In the second semi-final, Sessay faced down Berkswell in the highest scoring encounter of the day, with Sessay accumulating 99 runs in their 10 overs thanks to an unbeaten half-century from Yorkshire’s Jess Watson. In reply, Berkswell could only reach 68, Bethan Ellis finishing not out on 39.

With the two losing semi-finalists now able to sit back and enjoy the copious Pimms on offer in the pavilion, it was time for the final – Hursley Park v Sessay.

Having won the toss, Hursley Park chose to field, and disaster struck early for Sessay as their star batsman Jess Watson was caught at point off the third ball of the innings, handing Hampshire’s Charlotte Taylor her first wicket of the match.

By the time Taylor struck again to have Jess Woolston bowled off the last ball of the 10 overs, Sessay were 6 down, with Hursley Park confident of being able to chase down the target of 83.

That confidence was dented somewhat after they lost 2 wickets in the very first over courtesy of Abi Glen. While Windsor and Taylor then came together for a 50 partnership, when Taylor was dismissed by Daisy Stokoe in the 7th over Hursley Park still required 29 from 18 balls. Stokoe struck again in her next over, meaning the equation was 11 runs off the final over with 6 wickets in hand.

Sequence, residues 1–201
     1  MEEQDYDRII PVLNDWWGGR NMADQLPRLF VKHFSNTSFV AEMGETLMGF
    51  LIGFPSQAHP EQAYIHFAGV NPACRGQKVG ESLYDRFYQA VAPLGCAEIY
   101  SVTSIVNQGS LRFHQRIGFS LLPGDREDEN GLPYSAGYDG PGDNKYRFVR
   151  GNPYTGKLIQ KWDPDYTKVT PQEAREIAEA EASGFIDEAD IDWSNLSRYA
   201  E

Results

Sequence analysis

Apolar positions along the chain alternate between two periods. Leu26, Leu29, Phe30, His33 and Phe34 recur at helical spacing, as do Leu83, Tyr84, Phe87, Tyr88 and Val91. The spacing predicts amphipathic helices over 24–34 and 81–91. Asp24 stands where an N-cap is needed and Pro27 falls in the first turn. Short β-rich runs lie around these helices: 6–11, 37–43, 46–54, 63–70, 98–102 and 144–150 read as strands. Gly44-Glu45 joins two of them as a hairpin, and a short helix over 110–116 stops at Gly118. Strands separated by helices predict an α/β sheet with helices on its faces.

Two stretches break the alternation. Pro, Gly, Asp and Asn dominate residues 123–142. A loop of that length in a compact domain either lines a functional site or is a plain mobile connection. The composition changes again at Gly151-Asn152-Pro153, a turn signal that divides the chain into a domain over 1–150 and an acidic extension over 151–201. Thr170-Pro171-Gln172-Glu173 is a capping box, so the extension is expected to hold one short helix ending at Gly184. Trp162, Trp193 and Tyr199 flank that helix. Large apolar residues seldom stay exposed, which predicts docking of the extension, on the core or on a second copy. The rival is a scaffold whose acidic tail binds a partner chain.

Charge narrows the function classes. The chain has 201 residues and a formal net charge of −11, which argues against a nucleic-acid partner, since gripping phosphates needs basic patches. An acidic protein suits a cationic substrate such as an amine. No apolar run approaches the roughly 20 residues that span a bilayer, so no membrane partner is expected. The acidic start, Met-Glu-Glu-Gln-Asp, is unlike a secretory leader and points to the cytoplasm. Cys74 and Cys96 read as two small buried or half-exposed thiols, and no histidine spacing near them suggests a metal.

However, a streaky edge through backward point from Rebecca Blake, some scrambled runs between Blake and Windsor and finally a fifth-ball wide eventually sealed the deal for Hursley Park with just 1 ball to spare – Windsor finishing on 42 not out.

Heather Knight was on hand to present the trophy to captain Emily Windsor, as “the carrots” celebrated their victory.

“It was a fantastic team performance all the way through the competition. We were Southern Premier League champions last week, and now to finish the season with the Kia Summer Smash title, it’s exactly what we came here for,” Windsor said afterwards.